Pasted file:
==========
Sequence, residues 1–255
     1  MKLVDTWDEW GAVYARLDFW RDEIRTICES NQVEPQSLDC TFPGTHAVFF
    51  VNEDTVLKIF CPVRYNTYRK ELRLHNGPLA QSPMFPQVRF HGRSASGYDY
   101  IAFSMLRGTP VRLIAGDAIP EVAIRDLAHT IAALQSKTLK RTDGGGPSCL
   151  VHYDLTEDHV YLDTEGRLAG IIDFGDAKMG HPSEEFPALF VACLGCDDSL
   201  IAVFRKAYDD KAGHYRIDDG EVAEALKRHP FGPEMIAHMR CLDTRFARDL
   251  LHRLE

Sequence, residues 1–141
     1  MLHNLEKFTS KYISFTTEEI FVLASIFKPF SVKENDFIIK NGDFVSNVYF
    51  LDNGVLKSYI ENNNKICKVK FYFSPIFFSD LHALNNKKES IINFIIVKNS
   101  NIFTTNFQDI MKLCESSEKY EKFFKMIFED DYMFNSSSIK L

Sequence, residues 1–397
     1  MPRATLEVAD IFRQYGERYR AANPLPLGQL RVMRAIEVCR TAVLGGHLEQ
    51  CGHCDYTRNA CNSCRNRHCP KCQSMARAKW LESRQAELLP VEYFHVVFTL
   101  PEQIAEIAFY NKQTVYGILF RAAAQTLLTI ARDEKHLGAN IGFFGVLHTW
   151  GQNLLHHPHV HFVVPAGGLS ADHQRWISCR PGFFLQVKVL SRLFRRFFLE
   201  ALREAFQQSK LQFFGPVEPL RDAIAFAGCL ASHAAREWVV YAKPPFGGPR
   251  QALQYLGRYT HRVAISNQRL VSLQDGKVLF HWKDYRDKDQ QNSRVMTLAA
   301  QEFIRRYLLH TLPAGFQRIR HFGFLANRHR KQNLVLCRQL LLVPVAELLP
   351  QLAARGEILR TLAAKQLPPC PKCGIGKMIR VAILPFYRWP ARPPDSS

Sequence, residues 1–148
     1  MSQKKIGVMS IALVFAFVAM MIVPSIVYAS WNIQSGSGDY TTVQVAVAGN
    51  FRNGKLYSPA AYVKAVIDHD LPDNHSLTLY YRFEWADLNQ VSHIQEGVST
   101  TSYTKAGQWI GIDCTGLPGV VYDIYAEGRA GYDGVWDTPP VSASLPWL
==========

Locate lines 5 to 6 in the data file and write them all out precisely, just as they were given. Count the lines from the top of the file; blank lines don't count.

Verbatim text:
   151  VHYDLTEDHV YLDTEGRLAG IIDFGDAKMG HPSEEFPALF VACLGCDDSL
   201  IAVFRKAYDD KAGHYRIDDG EVAEALKRHP FGPEMIAHMR CLDTRFARDL